Here we will discuss some essential exercises and enrichment activities for your cat.
Weight management is essential for feline health
Overweight cats become susceptible to several potentially hazardous health conditions such as diabetes, heart problems, etc. Exercise keeps your beloved furry friend healthy and fit. To keep them engaged, it’s important for owners to select exciting and engaging activities and games for them.
Another helpful approach can be to create a schedule for play and exercise. You can of course organize this around your work routine.. Remember though, that cats are more active during dawn and dusk. Planning regular playtimes around your cat’s mealtimes can be a good idea, too.
Secondly, playtime should be kept quite short - ideally around 10-15 minutes in total. This does depend upon the age of the cat, though. Ten sessions (each of 10-15 minutes) is ok for kittens and younger cats, whereas two to three sessions are sufficient for older cats.
Keep an eye on their level of interest or fatigue - although it’s likely that your cat will make it abundantly clear when they are getting bored!
Note: If your cat is panting or breathing heavily, give them a rest, and then resume the activity again once they have recovered and seem interested.
Related: 5 Common Health Issues that Cat and Dog Owners Need to Look Out For
Using a laser pointer is a great way to get your cat moving!
Using a laser pointer is a great way to make them feel that they are “catching their prey.” As this pet guide shows, this is an excellent activity that develops skills, and keeps your cat engaged.
‘Laser toys are often good entertainment, but do follow it up with a real toy the cat can catch to avoid fixation and frustration over never being able to catch the light beam,’ says Hofve.
However, be sure to never shine the beam directly into the cat’s eyes, as this can cause damage.
Complex toys that keep your cat working and provide sound reinforcement at the same time can be a real hit. Using puzzle toys to pull out dry food pieces can also help reduce their eating speed while keeping them engaged.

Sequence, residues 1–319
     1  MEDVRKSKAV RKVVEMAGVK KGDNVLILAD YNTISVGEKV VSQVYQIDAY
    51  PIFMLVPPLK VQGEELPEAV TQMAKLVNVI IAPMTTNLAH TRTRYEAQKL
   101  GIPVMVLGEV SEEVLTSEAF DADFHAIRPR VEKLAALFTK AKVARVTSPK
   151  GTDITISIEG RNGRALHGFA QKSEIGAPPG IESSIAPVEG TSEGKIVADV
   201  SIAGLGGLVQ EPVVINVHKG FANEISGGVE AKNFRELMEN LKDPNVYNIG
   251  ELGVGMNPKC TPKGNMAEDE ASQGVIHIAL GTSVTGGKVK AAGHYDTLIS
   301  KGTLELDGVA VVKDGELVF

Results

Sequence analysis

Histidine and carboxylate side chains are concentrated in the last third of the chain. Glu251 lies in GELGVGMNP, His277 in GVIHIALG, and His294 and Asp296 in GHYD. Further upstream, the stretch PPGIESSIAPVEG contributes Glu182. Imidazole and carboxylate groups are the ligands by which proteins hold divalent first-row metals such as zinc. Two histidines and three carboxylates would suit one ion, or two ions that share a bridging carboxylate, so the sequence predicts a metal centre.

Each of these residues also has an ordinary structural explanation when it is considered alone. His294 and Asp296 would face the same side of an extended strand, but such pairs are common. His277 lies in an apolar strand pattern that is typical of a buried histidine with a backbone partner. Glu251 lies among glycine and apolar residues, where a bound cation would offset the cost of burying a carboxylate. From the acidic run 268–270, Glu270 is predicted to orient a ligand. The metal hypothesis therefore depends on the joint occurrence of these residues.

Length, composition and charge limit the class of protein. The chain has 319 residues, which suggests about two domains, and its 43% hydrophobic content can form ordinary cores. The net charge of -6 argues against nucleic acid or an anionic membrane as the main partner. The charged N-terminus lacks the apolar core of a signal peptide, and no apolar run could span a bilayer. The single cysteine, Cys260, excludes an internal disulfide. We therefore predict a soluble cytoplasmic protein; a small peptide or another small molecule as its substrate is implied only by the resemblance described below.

And these don’t have to be expensive toys from the pet store either. According to Dr. Nelson, you can use everyday household objects as toys to encourage cats to exercise. Think ping pong balls or balled-up pipe cleaners, there are so many options.
Cat trees and wheel exercise
Cat trees can also provide high rest or play areas for your cat. Many also incorporate cat scratch posts that promote healthy scratching behavior.
Cat wheels are a great way for cats to get their cardio! If you are unsure how to get your cat to use an exercise wheel, the manufacturers often include training materials to help you to encourage your cat to experiment.
The multi-story ‘cat towers’ sold online and in pet stores are another great way to ensure that your cat will have plenty of play areas and variety for good indoor exercise. Susan Nelson, DVM, an associate professor of medical science at Kansas State University's College of Veterinary Medicine in Manhattan, Kansas, proposes to set up small paths in various parts of the tower to encourage climbing and play.
Hidden treats, foods, and toys
This activity keeps cats busy and develops their browsing skills. Like jigsaw puzzles, concealing handles, food, and toys can help cats feel as if they are hunting for their food as they would in the wild.
Get outside! With the right training and equipment, you can take your cat outside with a leash and harness, just as we do with dogs.